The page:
Potter’s words carry significant weight and warrant close consideration, as insurance groups represent prime targets for cyberattacks due to their extensive reservoirs of confidential policyholder data. Their products, policies, and pricing strategies are intricately interwoven with this invaluable data, enabling them to tailor offerings precisely to individual needs and budgets. It’s the promise of increased choices and reduced costs that entices consumers to willingly share their data.
In contrast to many other sectors that predominantly deal with sensitive financial data, insurers find themselves in possession of a trove of personal sensitive information that requires vigilant safeguarding.
For carriers, the aftermath of such cyber incidents often translates into business interruptions and significant financial outlays, impacting not only the insurance companies themselves but also policyholders and third parties.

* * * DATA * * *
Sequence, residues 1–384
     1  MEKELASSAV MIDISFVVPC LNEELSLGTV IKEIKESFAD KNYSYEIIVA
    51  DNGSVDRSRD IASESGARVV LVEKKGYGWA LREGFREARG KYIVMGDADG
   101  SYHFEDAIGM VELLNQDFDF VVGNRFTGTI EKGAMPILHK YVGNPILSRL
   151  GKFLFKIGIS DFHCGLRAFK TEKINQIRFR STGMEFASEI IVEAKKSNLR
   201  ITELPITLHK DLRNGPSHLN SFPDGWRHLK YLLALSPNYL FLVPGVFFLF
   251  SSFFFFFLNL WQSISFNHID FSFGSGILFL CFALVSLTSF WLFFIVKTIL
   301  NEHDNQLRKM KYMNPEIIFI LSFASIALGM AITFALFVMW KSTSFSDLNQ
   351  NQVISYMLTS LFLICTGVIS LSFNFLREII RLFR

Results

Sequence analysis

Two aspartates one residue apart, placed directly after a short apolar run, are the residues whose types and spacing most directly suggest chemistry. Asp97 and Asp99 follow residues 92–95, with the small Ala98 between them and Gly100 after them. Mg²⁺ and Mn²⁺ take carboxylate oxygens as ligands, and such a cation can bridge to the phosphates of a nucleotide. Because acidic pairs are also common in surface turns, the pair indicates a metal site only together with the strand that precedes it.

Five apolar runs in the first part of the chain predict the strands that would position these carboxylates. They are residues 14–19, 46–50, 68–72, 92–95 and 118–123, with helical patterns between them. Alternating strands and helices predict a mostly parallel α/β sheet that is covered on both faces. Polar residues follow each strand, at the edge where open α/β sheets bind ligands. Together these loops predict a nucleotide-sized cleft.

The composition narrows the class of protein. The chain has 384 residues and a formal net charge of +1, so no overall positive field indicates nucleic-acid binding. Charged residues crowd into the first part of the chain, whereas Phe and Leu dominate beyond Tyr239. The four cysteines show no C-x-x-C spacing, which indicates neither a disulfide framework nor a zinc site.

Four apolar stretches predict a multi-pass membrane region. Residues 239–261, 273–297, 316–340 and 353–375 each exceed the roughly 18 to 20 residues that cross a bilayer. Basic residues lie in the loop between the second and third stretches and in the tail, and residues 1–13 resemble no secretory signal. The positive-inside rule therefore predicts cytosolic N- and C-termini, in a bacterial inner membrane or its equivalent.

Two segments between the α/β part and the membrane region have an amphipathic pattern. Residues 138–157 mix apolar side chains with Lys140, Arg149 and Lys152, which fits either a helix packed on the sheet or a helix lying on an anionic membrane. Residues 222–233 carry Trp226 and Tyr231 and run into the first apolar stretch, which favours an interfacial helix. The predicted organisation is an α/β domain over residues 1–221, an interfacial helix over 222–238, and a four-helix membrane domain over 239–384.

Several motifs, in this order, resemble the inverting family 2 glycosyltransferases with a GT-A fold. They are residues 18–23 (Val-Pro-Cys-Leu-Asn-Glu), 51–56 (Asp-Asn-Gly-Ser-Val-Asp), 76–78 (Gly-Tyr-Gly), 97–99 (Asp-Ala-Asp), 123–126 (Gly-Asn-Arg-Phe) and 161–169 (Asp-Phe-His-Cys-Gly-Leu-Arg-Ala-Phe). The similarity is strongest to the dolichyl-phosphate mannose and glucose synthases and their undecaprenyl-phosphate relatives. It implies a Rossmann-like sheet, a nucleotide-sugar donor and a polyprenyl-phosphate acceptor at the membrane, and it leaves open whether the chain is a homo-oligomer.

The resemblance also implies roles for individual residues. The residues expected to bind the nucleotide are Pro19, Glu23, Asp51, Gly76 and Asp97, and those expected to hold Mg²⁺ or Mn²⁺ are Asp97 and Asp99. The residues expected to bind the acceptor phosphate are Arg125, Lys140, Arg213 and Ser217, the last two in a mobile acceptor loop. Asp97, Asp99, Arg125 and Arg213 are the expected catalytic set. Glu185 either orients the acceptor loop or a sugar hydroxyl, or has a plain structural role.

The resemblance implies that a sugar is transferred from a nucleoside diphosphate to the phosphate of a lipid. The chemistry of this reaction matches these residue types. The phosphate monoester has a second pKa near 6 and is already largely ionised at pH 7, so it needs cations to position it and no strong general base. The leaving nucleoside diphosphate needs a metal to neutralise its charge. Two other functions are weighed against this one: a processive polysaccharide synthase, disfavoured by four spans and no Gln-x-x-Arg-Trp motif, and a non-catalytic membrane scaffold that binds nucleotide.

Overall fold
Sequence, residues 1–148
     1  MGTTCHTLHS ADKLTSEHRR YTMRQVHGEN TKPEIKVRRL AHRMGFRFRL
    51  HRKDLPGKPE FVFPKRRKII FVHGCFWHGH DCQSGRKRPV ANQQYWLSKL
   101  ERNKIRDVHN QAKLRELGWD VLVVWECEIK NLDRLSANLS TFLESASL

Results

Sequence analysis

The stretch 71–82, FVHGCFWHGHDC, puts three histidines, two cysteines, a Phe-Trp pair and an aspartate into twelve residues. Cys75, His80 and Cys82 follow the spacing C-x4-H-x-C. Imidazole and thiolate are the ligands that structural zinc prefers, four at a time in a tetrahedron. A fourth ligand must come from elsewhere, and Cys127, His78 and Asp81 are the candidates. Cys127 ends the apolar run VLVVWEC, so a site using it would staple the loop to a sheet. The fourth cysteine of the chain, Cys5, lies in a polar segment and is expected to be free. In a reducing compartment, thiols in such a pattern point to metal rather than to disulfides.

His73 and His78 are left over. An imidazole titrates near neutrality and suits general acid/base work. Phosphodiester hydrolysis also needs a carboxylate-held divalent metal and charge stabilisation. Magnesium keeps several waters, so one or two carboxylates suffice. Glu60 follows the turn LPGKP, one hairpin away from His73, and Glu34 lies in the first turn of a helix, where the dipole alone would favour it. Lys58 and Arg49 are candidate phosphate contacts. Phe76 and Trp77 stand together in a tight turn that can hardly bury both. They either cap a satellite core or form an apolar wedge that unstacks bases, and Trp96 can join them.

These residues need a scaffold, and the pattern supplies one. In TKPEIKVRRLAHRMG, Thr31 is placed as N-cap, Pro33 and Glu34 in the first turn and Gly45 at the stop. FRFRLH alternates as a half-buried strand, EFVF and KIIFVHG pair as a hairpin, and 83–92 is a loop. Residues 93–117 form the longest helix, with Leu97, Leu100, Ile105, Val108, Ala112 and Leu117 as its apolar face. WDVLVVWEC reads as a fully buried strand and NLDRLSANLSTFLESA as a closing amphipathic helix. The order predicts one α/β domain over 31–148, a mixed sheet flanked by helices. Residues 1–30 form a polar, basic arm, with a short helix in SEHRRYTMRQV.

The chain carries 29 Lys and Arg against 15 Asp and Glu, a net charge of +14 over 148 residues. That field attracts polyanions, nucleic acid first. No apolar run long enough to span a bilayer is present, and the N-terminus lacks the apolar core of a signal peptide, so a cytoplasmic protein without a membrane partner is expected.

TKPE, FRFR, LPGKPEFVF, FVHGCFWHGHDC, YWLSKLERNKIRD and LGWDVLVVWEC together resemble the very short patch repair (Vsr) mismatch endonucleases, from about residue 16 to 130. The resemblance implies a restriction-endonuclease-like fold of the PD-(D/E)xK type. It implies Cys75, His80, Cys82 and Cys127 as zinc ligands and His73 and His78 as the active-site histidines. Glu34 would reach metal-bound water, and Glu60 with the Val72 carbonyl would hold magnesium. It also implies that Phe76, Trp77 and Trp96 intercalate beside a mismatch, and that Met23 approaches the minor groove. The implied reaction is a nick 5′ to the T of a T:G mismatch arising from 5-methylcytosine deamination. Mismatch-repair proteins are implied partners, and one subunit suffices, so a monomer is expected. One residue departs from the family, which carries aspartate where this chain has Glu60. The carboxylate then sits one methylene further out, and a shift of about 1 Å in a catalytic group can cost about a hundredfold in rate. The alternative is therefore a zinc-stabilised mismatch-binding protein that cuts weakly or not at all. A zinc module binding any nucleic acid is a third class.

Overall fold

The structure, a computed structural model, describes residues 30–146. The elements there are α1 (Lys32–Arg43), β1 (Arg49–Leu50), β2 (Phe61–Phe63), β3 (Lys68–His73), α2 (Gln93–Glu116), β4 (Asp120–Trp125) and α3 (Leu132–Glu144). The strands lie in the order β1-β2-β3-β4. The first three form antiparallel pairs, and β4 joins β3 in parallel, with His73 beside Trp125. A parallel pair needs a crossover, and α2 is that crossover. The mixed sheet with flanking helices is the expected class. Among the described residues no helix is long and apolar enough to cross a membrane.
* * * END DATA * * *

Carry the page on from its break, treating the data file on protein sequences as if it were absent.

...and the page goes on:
The purloined data can be exploited for various criminal purposes, such as identity theft, with a view to reaping illicit financial gains.
Beyond the immediate financial repercussions, cyber incidents can inflict severe and enduring operational challenges on the targeted insurance conglomerates. Moreover, the damage to their reputation may be extensive, perhaps even irreparable.
Cyber risk specialist Hayes discussed how insurers can respond to this added pressure. “To enhance their operational efficiency and embrace digitalisation and what it has to offer, insurers often outsource various services in their processes. However, this also increases their exposure to cyber risks. To maintain compliance and mitigate potential threats, insurers must have visibility and oversight of data flow among their systems, services and applications. They also have to ensure that their chosen suppliers adhere to industry-specific regulations and meet high standards for data security and privacy.